Budgeting and Forecasting Best Practices

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Budgeting and Forecasting Best Practices

CFO Tech Outlook | Wednesday, August 04, 2021

Budgeting and forecasting are crucial to any business's success. Some key factors may help in successful budgeting and forecasting.

Fremont, CA: One of the most redeeming aspects of budgeting is that it requires the leadership of the organization to set measurable goals for the fiscal year. This is fundamentally helpful since it offers the company direction and aligns all of the employees from the top to the lowest.

These objectives are used in the budgeting process to develop a roadmap for achieving the company's objectives. While there are numerous approaches to budgeting, the resulting financial plan serves as a benchmark against which the organization's success can be measured.

Forecasting is on the other side of the aisle, and it takes the budget and turns it into a future projection. When it comes to planning for the upcoming fiscal year, forecasting is critical. Cash flow optimization is essential, especially in low-margin businesses.

Keys to successful budgeting and forecasting:

Setting realistic budget

Growing a business does not happen quickly, and those that are realistic about their financial planning should expect compounding results. A budget, however, can help with a variety of purposes other than growth. Having real, measurable, and quantifiable goals is the first step in creating a realistic budget. In this approach, the budget becomes a helpful tool for achieving meaningful results, and the forecast becomes a useful performance indicator.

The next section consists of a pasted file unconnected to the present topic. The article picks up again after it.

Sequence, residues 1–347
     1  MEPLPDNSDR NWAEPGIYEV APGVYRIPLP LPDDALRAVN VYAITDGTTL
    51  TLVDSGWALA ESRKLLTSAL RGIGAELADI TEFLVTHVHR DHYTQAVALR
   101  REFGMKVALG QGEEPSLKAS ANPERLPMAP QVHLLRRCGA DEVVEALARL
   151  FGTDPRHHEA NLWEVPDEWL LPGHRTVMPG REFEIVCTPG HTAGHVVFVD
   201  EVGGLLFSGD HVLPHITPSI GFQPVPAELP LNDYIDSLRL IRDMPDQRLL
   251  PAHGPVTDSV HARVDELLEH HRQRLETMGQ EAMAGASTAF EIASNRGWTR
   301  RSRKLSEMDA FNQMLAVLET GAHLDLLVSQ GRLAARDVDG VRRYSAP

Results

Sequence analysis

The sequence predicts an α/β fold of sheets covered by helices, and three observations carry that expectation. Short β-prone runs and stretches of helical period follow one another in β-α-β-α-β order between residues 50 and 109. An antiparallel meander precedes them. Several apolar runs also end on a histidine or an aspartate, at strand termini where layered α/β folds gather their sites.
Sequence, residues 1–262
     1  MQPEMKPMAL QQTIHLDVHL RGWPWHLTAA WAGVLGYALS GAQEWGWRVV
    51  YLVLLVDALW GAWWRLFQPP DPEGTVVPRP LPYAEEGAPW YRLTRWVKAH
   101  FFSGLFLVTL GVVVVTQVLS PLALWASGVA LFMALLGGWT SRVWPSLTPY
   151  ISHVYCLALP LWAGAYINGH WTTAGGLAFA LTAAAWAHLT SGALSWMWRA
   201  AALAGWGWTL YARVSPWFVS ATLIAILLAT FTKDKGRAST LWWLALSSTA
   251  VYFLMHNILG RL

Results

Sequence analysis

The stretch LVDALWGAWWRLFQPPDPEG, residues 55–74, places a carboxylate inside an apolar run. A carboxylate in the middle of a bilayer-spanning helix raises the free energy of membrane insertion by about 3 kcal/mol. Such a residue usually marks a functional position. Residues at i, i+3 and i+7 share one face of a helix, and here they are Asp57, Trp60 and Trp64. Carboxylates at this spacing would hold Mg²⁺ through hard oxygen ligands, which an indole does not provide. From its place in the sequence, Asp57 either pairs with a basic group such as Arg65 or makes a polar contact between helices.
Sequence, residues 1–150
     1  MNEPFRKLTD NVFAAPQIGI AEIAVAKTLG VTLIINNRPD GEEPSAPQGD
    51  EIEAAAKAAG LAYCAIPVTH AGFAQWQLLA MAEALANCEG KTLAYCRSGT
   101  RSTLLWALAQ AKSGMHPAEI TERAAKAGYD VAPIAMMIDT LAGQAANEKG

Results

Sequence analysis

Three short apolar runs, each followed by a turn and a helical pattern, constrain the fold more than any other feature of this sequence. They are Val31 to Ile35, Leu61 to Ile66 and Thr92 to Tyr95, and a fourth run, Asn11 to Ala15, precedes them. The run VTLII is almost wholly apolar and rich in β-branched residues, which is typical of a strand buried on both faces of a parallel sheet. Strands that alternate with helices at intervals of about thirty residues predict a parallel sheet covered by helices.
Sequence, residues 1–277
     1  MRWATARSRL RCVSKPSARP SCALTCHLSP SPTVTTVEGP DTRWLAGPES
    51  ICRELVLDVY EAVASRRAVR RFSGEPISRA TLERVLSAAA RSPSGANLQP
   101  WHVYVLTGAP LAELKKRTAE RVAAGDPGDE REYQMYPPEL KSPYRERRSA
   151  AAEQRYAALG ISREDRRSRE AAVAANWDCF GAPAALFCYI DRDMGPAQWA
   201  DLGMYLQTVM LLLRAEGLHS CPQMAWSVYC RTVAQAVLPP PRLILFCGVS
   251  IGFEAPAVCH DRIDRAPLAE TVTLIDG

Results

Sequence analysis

Scenario planning

Unforeseen issues frequently disrupt the normal business cycle. When establishing budgets and forecasts, it is critical to explore multiple possibilities and conduct scenario analysis. One rule of thumb is to always establish a base-case budget and forecast, which is a scenario in which everything goes as planned, and then develop a set of budgets and forecasts depending on the best and worst-case scenarios.

Clean data

Bad data is one of the most common mistakes made while putting together a budget and forecast. “Terrible data in, bad data out,” as the adage goes. For their budgets, businesses should always use clean data. Because the forecast is dependent on the budget, this idea is critical. A prediction that is based on an erroneous or incomplete budget is setting the stage for disaster.

Creating a short and long-term plan

Most organizations will anticipate cash out monthly, and in some cases weekly, due to the sensitivity of keeping appropriate cash reserves. Short and long-term plans are vital because they will identify problems as they develop and enable timely solutions to prevent issues from spiraling out of control.  These plans also ensure that the company is on track to meet its goals, whether they are expanding, acquiring, or even divesting.

Regular monitoring

It's critical that once a budget is created, it doesn't just sit on a desk collecting dust. Regularly monitoring the organization's success against the budget and broader forecast is the best way to ensure that it is headed in the right path. It is a recommended practice to include common goals in your budget and projection that, when met, demonstrate that the company is on track.

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